Extreme weather linked to the climate crisis has displaced millions of minors in recent years, according to a new UN report.
According to the children's charity Unicef, 43.1 million children and young people had to leave their homes at least temporarily between 2016 and 2021 due to floods, storms, droughts and forest fires. An estimate for the next 30 years also assumes that around 96 million minors could be displaced simply because of rivers overflowing their banks.
For the period 2016 to 2021, China and the Philippines were among the countries where the most children and young people had to flee from weather events. Relative to the total population, minors in small island states like Vanuatu were hit hardest by storms. Floods had the greatest impact in Somalia and South Sudan.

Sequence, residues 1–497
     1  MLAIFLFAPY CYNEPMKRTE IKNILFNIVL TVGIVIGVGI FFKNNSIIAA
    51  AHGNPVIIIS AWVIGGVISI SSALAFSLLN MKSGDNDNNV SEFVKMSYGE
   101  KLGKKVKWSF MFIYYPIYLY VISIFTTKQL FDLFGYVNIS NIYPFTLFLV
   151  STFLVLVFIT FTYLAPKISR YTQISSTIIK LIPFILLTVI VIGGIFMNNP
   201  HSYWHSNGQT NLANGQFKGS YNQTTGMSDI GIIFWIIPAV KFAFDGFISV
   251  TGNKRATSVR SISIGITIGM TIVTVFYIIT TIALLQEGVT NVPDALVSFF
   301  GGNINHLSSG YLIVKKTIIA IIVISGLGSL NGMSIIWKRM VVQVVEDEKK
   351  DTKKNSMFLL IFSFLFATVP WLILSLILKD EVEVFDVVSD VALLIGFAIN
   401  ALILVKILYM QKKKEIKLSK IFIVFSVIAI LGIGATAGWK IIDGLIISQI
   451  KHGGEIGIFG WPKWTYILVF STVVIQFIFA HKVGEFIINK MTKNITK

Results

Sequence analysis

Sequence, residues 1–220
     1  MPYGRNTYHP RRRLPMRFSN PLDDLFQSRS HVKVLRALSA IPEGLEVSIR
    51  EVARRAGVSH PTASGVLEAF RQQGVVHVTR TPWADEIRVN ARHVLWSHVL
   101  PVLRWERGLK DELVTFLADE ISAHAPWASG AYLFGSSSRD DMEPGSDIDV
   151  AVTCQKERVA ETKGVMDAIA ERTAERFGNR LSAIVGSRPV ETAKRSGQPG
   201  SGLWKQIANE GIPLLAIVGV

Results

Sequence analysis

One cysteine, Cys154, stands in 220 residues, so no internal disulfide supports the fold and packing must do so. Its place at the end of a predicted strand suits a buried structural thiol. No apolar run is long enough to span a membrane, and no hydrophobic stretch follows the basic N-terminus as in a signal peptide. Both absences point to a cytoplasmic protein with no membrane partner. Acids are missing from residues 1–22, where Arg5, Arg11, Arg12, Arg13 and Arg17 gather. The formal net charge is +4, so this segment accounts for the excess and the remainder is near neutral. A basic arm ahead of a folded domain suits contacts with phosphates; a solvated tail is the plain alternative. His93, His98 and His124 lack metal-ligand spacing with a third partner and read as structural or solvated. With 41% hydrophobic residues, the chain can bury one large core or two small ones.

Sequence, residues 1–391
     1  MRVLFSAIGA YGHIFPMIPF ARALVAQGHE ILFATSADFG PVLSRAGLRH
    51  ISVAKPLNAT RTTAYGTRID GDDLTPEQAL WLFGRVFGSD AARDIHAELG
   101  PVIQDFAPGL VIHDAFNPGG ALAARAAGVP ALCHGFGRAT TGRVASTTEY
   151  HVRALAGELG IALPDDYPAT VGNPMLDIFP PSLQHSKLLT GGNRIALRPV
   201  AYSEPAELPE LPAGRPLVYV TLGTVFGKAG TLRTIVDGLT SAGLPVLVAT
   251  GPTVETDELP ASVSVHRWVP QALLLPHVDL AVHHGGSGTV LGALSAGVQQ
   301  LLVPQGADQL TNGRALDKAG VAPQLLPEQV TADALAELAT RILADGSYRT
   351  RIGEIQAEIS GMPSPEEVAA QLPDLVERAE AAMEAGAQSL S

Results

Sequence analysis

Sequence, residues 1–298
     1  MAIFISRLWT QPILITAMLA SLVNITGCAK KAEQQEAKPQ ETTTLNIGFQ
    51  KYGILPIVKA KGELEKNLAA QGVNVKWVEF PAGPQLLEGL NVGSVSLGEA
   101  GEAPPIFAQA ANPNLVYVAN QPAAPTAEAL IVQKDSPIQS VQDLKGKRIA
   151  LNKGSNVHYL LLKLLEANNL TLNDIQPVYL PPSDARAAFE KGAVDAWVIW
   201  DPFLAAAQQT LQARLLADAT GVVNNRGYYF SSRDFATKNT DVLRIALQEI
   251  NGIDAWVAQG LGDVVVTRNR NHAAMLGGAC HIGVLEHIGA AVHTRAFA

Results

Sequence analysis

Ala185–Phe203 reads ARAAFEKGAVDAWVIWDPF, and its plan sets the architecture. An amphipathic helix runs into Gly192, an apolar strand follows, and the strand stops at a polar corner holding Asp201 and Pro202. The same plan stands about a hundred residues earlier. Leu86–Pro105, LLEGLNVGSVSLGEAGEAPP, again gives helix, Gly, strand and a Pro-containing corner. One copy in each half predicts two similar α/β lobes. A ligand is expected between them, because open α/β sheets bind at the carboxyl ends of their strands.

UNICEF director Catherine Russell complained that these fearful experiences could be particularly devastating for children and young people. "The escape may have saved their lives, but it is a very harrowing experience. As the effects of climate change become ever greater, climate-related refugee movements will also increase." The knowledge is there to meet the escalating challenge, said Russell. "But we act far too slowly."